I have a new wish list of things to do. I hope you will help me achieve these landmarks: 1. Be in the middle of a dance circle at Homecoming or Prom 2. Play in the Spring Football Classic 3. Buzz my head for the State swimming competition 4. Run flags for a football game 5. Showcase my films at the AP art show | 9

how can you help? now that school has started, here are a few options for community service

start Do you plan which organizations you work with or do you sign up at the last minute? an pl






Do you like kids?

Do you have a pet?



Are you comfortable working with special needs or terminally ill children?


Do you like doing community service wit hf rie with a group or no nd s would you rather serve on your own? Would you rather pack food or cook it?



Are you severely allergic to dogs or cats?






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Would you rather work in the spotlight or behind the scenes?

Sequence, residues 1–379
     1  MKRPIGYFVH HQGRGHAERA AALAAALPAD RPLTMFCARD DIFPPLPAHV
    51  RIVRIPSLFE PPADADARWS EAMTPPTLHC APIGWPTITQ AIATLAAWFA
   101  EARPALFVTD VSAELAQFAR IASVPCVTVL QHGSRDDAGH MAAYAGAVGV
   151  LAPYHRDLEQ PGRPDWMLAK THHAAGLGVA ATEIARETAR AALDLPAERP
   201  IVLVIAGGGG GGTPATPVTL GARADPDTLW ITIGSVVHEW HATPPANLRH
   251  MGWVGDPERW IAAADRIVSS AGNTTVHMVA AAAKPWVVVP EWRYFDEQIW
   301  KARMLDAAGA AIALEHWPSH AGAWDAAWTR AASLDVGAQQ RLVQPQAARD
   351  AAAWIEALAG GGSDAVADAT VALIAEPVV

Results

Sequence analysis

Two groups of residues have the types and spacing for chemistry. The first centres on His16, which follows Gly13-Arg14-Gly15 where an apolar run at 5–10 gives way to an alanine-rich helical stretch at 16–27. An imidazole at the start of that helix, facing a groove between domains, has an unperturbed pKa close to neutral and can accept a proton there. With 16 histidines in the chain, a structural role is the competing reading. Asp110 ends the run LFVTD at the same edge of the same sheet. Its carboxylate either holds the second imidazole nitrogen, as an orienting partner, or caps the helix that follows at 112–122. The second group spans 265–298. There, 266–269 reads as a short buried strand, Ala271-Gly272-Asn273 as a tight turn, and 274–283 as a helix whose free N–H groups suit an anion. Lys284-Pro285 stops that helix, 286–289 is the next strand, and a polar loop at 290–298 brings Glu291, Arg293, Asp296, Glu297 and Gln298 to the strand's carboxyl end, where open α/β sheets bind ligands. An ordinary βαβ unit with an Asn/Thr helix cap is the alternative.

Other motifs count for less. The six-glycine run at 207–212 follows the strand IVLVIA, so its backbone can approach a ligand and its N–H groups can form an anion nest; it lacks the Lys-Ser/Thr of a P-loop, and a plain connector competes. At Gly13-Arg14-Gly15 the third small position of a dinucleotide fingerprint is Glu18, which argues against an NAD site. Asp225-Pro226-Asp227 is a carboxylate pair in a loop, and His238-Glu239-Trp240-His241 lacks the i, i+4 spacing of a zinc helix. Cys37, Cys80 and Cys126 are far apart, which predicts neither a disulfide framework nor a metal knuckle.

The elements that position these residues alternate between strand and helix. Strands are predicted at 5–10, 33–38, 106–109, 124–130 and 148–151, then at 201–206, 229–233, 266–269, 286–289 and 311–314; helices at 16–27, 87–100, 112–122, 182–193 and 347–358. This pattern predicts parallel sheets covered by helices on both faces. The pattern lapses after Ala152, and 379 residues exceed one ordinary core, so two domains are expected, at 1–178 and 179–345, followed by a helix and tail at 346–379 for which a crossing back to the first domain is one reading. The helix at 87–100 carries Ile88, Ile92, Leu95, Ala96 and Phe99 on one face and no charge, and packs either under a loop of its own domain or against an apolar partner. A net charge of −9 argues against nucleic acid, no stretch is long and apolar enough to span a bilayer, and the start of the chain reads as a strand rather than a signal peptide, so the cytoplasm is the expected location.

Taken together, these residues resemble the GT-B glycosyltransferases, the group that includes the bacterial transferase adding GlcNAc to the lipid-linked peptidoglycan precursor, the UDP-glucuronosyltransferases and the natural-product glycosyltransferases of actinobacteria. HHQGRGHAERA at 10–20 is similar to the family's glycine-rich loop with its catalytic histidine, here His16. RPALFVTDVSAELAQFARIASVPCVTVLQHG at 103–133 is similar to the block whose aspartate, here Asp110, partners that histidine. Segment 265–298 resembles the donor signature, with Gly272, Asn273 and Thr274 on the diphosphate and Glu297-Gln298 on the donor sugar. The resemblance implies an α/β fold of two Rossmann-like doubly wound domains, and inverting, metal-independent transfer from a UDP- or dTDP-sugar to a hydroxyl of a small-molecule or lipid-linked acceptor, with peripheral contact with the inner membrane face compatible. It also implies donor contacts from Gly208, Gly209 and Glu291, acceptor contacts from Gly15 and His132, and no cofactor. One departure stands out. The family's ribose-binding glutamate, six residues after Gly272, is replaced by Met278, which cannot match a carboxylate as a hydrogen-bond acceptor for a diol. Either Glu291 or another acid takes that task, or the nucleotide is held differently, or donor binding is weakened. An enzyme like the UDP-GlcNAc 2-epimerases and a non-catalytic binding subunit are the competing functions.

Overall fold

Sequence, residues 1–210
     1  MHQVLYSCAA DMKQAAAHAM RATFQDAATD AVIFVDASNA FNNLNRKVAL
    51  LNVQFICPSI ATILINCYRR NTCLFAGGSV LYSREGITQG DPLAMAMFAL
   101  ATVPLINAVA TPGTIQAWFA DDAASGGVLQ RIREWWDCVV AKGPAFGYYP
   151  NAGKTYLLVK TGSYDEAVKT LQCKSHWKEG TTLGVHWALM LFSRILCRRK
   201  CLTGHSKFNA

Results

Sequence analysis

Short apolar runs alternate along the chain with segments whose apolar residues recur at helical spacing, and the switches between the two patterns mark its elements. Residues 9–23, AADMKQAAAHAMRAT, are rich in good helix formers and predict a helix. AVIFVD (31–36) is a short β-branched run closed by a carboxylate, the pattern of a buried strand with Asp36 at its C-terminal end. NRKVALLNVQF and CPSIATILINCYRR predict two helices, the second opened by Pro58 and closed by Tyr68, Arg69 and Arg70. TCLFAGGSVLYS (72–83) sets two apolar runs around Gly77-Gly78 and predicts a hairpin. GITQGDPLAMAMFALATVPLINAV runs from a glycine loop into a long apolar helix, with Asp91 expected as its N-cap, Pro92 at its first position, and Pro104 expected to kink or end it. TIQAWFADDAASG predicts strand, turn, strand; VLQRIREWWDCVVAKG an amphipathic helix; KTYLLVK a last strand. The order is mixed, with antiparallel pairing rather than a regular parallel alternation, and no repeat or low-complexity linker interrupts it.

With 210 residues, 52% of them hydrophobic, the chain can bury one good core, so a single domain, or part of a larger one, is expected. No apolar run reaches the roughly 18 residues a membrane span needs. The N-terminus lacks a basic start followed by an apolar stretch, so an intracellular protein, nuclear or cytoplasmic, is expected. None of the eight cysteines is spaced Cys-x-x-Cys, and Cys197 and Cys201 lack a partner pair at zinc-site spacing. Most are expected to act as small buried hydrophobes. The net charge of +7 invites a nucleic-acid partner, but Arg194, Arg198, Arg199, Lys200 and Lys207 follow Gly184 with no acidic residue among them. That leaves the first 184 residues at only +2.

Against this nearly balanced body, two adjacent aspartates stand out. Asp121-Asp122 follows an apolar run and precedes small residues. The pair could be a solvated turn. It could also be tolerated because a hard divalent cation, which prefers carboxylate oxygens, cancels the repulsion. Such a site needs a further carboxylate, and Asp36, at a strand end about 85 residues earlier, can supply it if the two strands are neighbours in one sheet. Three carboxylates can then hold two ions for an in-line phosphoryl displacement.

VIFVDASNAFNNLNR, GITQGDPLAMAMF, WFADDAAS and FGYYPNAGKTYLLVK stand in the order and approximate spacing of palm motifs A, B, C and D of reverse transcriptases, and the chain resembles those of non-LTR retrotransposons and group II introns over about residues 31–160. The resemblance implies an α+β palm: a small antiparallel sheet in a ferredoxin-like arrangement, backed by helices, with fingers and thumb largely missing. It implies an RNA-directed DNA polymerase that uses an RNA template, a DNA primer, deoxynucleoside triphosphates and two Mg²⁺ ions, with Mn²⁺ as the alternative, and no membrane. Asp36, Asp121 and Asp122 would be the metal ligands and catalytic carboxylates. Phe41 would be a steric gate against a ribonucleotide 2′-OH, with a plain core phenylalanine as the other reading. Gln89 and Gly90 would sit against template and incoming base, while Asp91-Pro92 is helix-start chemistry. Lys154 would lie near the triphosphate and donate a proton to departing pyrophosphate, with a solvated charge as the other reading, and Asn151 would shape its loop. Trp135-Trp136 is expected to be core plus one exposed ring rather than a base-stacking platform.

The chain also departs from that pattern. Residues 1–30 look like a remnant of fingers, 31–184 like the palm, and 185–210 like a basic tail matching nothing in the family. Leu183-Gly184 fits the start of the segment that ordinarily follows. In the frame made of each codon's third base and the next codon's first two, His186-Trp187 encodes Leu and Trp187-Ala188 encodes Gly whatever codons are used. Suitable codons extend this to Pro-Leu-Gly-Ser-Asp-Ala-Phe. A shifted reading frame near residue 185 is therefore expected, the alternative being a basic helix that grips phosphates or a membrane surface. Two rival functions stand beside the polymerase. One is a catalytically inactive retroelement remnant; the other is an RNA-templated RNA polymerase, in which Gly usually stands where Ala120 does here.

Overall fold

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Operation Kindness “Saving Animals Since 1976” Operation Kindness is open every day except Tuesday and needs volunteers from 7 a.m. to 8 p.m. Serving at Operation Kindness can include walking dogs, answering phones, transporting animals and working in the kennels. Tomi Tucker ttucker@operationkindness. com

North Texas Food Bank

Ronald McDonald House

The food bank is open from 9 a.m. to noon and 1 p.m. to 3:30 p.m. Monday through Friday. During the week, the food bank accepts help sorting incoming food donations. Make sure to reserve a time at the food bank before you arrive. Sophia Sindalovsky

The Ronald McDonald House is open to both groups and individuals. Groups can cook meals and individuals can work at the front desk or in the kitchen after they apply. The Ronald McDonald House also has a Teen Board made up of students from the Dallas area. Emilie Peloubet

Rays of Light Rays of Light allows parents of children with special needs to take the night off. They offer a babysitting service at Lovers Lane United Methodist Church on the first Friday of every month. Make sure to sign up by e-mailing Alice before you arrive. Alice Sutherland

Don’t forget to turn in all of your community service hours to Mrs. O’Rear, Room 3007 | 10


exchange student Julius Schwarz writes about his re-entry into German life after a year in Dallas